Saturday, March 07, 2020
Hopefully, the LGBT community and its allies are learning the important lesson that voting - and not staying home if one's favorite candidate does not win the nomination - is crucial in creating change and defeating the Republican agenda of division and keeping full civil rights only for the few favored classes of the GOP base: whites, heterosexuals, right wing Christians. Virginia's transformation into a blue state and a leader in change among Southern states would not have occurred but for people going to the polls and saying "no more" to the Virginia GOP's divisive, backward looking policies. Thanks to Democrat control of the Virginia General Assembly three new pro-LGBT laws were signed into law by Governor Northam, the most LGBT friendly governor in Virginia history. Outwire757 looks at the legislation. Here are excerpts:
Governor Ralph Northam signed 49 new pieces of legislation into law Thursday, including measures to expand the definition of “hate crime” and increase protections for transgender students in public schools. Additionally, Governor Northam signed legislation that gives localities more authority over their communities, including House Bill 696, enabling localities to prohibit discrimination on the basis of sexual orientation or gender identity.
School Policies for Transgender Students
Governor Northam signed House Bill 145, sponsored by Delegate Marcus Simon and Senate Bill 161, sponsored by Senator Jennifer Boysko, which will require the Department of Education to develop model policies for elementary and secondary schools on how to address common issues involving transgender students, using evidence-based information and best practices. These model policies will address how schools can ensure they treat transgender students fairly and respectfully. School boards must adopt such policies for the 2021-2022 school year.
Reporting Hate Crimes
Governor Northam signed House Bill 276, sponsored by Delegate Rip Sullivan. Current law requires the reporting of hate crimes to the State Police and this bill expands the definition of a hate crime to include criminal acts based on ethnicity, national origin, sexual orientation, gender, gender identification, and disability. This bill incorporates House Bill 1058.
“Attacking someone because of who they are, who they love, or where they’re from is wrong,” said Governor Northam. “Those actions are intended to send a chilling message that a person is not welcome, and that is exactly the opposite of what we stand for in Virginia. Hate has no place here. I am proud to sign this bill.”
Banning Discrimination Based on Sexual Orientation or Gender Identity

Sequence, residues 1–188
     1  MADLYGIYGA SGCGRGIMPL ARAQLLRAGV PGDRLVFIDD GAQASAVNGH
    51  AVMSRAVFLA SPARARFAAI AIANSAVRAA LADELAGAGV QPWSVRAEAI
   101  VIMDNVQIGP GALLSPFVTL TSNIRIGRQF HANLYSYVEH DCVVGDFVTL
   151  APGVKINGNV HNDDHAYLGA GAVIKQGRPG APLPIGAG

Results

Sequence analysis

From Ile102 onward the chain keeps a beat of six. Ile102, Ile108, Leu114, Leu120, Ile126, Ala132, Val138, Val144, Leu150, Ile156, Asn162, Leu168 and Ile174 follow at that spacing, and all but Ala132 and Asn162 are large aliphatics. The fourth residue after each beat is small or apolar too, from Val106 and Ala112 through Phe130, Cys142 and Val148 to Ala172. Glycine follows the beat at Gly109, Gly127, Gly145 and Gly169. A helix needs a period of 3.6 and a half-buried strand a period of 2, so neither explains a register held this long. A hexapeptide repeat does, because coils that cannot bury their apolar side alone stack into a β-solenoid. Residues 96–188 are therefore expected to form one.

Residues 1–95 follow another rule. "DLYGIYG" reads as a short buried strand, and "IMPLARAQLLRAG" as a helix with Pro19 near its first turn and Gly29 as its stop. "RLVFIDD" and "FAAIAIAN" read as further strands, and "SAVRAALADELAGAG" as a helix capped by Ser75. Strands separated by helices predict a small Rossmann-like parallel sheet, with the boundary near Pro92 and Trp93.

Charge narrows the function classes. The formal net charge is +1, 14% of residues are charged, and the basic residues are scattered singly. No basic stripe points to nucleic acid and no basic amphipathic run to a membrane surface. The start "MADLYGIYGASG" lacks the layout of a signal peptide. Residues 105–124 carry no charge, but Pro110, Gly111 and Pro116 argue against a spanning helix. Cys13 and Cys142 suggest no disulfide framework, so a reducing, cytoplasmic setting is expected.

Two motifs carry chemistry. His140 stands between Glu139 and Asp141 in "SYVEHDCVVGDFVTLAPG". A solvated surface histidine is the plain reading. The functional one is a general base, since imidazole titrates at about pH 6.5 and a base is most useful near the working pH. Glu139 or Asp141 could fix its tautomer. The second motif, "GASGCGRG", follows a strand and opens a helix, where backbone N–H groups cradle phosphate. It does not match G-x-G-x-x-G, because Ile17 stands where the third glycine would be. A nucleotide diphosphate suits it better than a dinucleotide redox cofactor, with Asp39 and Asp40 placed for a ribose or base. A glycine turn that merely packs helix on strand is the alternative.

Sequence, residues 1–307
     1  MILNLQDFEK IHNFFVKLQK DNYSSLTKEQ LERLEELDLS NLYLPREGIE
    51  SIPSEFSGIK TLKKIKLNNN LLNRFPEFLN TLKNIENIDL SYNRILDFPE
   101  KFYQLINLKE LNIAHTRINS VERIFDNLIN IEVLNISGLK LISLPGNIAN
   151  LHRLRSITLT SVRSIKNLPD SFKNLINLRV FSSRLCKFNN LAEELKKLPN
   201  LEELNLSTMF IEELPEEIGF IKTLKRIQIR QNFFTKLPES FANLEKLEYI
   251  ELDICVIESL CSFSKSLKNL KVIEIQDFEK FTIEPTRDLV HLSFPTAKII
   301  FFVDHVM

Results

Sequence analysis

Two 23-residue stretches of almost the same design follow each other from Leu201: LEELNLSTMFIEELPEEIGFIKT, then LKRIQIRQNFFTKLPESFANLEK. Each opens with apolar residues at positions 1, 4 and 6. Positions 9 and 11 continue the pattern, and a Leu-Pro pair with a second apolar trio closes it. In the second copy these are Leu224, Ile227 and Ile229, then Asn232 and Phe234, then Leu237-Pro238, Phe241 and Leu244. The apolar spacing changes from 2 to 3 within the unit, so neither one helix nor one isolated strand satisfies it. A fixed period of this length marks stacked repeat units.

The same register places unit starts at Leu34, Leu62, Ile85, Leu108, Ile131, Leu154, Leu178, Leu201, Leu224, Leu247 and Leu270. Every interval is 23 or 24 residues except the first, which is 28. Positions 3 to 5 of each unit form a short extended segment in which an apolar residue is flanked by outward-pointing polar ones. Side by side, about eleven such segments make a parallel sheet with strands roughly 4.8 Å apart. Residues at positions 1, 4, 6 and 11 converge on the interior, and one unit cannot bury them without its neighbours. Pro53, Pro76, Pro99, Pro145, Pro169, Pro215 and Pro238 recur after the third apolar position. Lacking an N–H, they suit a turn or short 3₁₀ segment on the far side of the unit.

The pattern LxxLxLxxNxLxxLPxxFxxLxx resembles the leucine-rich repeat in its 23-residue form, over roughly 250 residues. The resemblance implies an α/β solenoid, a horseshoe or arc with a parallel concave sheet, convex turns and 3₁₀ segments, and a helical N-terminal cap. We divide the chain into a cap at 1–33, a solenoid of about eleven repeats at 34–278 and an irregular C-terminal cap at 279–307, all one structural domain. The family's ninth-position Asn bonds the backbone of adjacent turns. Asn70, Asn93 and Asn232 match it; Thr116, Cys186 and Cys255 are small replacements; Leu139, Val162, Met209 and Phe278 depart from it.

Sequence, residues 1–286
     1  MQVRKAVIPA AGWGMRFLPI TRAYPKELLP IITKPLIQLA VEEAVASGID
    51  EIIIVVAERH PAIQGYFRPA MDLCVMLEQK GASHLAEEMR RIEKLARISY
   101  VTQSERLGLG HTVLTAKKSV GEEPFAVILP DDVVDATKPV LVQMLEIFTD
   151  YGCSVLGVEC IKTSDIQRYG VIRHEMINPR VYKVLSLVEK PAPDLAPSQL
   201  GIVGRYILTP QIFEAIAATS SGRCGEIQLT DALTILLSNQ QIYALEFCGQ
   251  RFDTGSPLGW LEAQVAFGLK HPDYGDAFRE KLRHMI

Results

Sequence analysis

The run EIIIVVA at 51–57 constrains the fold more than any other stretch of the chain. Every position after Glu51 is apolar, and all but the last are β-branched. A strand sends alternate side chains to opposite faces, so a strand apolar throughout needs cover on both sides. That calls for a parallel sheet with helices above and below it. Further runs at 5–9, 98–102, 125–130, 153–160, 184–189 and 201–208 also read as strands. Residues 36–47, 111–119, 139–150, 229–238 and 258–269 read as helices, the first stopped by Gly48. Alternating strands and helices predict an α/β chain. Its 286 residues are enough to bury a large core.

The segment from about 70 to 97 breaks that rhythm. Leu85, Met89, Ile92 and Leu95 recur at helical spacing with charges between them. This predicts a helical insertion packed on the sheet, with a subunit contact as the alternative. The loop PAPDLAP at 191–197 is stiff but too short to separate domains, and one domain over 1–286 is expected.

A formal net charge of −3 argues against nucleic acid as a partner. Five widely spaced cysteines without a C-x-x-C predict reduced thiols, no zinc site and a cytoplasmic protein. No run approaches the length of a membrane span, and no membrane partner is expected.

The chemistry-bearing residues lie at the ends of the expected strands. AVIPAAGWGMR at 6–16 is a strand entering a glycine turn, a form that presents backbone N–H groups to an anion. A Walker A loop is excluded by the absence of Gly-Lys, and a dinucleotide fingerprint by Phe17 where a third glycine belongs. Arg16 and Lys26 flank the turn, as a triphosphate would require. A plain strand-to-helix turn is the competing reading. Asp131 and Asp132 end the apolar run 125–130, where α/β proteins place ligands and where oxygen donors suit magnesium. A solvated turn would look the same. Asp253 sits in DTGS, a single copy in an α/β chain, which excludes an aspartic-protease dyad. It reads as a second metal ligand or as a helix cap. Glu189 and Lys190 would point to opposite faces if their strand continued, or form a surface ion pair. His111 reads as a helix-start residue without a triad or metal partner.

Governor Northam signed House Bill 696, sponsored by Delegate Danica Roem, allowing localities to ban discrimination in housing, employment, public accommodations, credit, or education based on sexual orientation or gender identity.
“I want Virginia to be a diverse and inclusive state, where everyone feels welcome,” said Governor Northam. “No one should fear being fired, evicted, or otherwise singled out because of who they are. This bill will help ensure all Virginians are treated fairly and equitably, and I am happy to sign it.”
Imagine what America could look like if we had a Democrat in the White House and Democrat control of both houses of Congress.
Friday, March 06, 2020
Elizabeth Warren has ended her presidential campaign and the question is whether she will endorse Biden or Sanders - or no one - and where her supporters will gravitate. Some of the most liberal may go to Sanders, but many of the college educated suburbanites may be turned off by Sanders' class warfare agenda and move towards Biden. Meanwhile, Bernie Sanders has claimed that the youth vote would power him to victory. Based on analysis so far, the youth vote turned out in smaller percentages for Sanders on Super Tuesday than in 2016 and Sanders captured a small percentage of those who did go to the polls. The situation demonstrated (i) the unreliability of younger voters to actually go and vote, and (ii) the breadth of Sanders' coalition remains too limited to win the nomination. A piece in The Atlantic looks at Tuesday's outcome and Sanders' need to attract those outside of his base - something I am not sure he is capable of doing given his demeanor and his my way or the highway mindset. Tuesday, most Democrats chose the highway in the form of Joe Biden. Here are article excerpts:
Bernie Sanders’s self-proclaimed “political revolution” crashed into a wall of resistance inside the Democratic Party last [Tuesday] night.
After a remarkable 72 hours that saw top party leaders consolidate behind Joe Biden, a panoramic array of key party voting groups coalesced around the former vice president—and against Sanders—in the coast-to-coast competition, according to exit polls conducted in almost all the states that voted. Biden captured at least nine of the 14 states voting, including some—such as Minnesota and Oklahoma—where Sanders won big in 2016.